🔼The name Delaiah: Summary
- Door Of Yah, Yah Has Delivered
- From (1) the verb דלה (dala), to hang or transport, and (2) יה (yah), the shortened name of the Lord.
🔼The name Delaiah in the Bible
As is usual for names that end on יה (-iah), the name Delaiah occurs both with and without the final ו (waw). There are five different men named Delaiah(u) in the Bible:
- One of the seven sons of Elioenai, who appear to have been the youngest generation of descendants of Solomonic at the time of the Chronicler's writing (1 Chronicles 3:24).
- The twenty-third of twenty-four descendants of Aaron who were assigned unspecified temple duties by king David and high-priest Zadok (1 Chronicles 24:18; spelled with the final waw).
- One of three family heads whose alleged post-exilic descendants couldn't prove whether they were truly Israelites (Ezra 2:60 and Nehemiah 7:62). The Jews were sent home with quite a wealth of supplies and it was to be expected that this attracted the attentions of charlatans.
- The father of Shemaiah, who tried to frighten and discourage Nehemiah (Nehemiah 6:10). Nehemiah surmised that Shemaiah was hired by Nehemiah's nemeses Tobiah and Sanballat, but he may very well have been an embittered son of the previous Delaiah, who perhaps in want of his proper paperwork was confined to his home.
- One of king Jehoiakim's counselors to whom Micaiah conveyed the words of Jeremiah which Baruch had read in the chamber of Gemariah (Jeremiah 36:12). When Jeremiah's scroll finally ended up in Jehoiakim's hands, the latter became so irritated with what it said that he cut it to bits and threw them in the fire. Delaiah was one of three men who pleaded with the king not to burn the words (Jeremiah 36:25). Both occurrences of this name in Jeremiah are spelled with the final waw.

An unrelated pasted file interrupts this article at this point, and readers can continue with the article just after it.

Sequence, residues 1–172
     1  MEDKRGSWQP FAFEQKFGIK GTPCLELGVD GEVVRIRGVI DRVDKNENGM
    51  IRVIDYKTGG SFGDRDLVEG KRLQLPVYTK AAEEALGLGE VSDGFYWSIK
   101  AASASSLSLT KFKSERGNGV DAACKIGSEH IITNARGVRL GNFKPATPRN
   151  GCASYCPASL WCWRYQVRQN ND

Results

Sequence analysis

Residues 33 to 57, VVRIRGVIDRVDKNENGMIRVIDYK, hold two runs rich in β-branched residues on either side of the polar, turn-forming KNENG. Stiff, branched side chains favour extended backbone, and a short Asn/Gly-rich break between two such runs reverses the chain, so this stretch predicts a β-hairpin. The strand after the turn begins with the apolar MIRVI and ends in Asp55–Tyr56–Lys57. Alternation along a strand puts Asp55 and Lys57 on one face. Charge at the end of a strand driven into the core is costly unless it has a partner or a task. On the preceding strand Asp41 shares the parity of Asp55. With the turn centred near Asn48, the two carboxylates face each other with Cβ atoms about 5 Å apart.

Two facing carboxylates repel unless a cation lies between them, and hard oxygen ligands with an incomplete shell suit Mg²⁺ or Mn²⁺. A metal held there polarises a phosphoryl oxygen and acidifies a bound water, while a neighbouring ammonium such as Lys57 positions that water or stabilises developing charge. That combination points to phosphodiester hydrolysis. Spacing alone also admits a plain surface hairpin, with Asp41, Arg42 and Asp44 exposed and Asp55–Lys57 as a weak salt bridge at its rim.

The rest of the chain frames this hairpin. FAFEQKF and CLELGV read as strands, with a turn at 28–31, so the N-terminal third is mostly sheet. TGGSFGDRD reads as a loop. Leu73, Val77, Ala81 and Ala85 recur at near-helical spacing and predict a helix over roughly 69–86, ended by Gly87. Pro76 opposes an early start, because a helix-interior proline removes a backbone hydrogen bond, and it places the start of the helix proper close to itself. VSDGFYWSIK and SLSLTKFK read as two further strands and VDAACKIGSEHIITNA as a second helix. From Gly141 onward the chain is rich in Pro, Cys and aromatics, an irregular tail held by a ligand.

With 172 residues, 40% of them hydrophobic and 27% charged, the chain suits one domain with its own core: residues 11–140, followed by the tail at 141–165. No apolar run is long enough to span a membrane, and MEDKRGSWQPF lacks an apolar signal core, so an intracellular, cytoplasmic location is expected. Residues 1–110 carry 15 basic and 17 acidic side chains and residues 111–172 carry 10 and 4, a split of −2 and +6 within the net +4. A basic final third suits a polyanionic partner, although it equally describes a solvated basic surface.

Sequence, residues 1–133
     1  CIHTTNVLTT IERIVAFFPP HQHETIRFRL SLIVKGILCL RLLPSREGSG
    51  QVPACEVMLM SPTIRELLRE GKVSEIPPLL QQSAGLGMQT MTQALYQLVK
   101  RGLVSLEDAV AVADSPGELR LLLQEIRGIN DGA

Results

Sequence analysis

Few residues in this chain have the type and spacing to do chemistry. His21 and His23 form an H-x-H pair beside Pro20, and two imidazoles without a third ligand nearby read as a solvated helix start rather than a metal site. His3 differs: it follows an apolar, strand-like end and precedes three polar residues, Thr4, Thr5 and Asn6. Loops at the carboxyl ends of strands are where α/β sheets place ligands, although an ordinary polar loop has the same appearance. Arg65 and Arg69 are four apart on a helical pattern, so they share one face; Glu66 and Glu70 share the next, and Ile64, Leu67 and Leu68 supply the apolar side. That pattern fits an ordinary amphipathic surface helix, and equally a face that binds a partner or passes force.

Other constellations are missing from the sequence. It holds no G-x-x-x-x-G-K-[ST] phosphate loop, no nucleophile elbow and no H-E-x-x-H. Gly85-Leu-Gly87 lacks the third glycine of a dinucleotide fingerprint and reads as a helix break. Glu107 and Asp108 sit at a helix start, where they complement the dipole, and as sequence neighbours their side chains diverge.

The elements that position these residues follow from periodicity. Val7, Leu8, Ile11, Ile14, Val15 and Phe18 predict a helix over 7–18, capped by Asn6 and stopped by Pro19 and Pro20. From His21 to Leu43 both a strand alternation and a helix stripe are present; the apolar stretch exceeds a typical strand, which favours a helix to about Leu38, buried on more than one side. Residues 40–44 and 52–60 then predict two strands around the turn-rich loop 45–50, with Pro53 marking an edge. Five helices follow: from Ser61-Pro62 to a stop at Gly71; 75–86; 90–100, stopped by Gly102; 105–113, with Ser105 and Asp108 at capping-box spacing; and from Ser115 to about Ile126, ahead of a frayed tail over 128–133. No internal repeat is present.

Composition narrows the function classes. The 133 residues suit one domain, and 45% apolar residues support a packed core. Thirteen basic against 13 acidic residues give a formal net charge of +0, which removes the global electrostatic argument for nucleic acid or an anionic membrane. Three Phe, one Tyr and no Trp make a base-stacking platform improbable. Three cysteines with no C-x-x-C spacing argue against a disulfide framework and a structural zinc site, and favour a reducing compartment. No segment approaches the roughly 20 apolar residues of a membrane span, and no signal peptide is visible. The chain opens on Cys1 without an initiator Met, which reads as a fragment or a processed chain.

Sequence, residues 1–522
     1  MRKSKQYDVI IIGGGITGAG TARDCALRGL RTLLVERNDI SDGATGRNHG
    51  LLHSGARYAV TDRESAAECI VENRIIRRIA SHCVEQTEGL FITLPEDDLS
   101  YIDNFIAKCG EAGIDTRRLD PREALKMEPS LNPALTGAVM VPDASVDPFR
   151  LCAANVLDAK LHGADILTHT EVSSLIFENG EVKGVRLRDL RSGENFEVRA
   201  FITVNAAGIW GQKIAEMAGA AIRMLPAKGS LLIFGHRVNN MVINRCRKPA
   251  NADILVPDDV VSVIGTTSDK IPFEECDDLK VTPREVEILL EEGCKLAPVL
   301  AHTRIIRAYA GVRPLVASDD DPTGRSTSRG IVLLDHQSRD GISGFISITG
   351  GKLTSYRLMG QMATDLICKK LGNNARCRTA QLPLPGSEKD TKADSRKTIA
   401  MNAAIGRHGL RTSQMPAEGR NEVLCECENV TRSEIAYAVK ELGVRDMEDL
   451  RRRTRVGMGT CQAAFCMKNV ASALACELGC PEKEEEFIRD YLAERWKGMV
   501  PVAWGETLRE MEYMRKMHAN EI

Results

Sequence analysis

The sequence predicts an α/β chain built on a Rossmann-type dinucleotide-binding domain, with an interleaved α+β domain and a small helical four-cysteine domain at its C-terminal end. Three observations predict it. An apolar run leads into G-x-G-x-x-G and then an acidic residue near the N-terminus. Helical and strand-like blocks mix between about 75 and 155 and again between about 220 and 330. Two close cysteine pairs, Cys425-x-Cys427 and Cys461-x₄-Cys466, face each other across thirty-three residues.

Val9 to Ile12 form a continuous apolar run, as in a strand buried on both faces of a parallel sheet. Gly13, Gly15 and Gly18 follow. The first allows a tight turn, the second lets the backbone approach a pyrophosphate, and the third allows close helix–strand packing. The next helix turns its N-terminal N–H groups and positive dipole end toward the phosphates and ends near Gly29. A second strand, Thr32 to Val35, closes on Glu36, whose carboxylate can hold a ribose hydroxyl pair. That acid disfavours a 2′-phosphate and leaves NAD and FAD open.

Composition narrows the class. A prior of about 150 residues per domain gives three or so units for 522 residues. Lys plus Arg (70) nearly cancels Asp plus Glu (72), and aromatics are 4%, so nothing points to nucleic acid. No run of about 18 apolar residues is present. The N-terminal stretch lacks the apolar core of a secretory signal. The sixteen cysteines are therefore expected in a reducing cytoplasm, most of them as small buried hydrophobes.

🔼Etymology of the name Delaiah
The name Delaiah consists of two elements, the final one being יה (Yah) or יהו (Yahu), which are both abbreviated forms of the Tetragrammaton יהוה, YHWH, or Yahweh.
The second part of our name comes from the verb דלה (dala), which is commonly, yet erroneously, interpreted as to draw:
The verb דלל (dalal) means to hang, not statically but rather dynamically, usually underway between a reservoir of plenty and a place of need. Adjective דל (dal) means low, weak, poor or thin. Noun דלה (dalla) denotes a drooping bundle of hair or threads of warp hanging in loom. The identical noun דלה (dalla) denotes the poor.
The verb דלה (dala) means to "hang" in that it describes the act of retrieving water from a well by means of a traveling bucket (in English we would call this process to "draw" water).
Nouns דל (dal), דלה (dala) and דלת (delet) mean door but originally referred to a curtain hanging in front of an entrance. Through this entrance folks would travel bearing gifts, wisdom and news from the world at large, much like a bucket from a well. Hence noun דלי (deli) means bucket.
Noun דליות (daliyot) denoted floral hangers made from olive branches, cedar branches, or boughs of the vine.
Since the name Delaiah incorporates a verb that associates different in Hebrew than in English (in English we don't associate drawing water or being a door with the verb to hang) it's not easy to translate this name.
For a meaning of the name Delaiah, Jones' Dictionary of Old Testament Proper Names reads Drawn Up Of The Lord and BDB Theological Dictionary has Yah(u) Hath Drawn.
Much more creatively and surprisingly acute, NOBSE Study Bible Name List suggests Yahweh Has Delivered.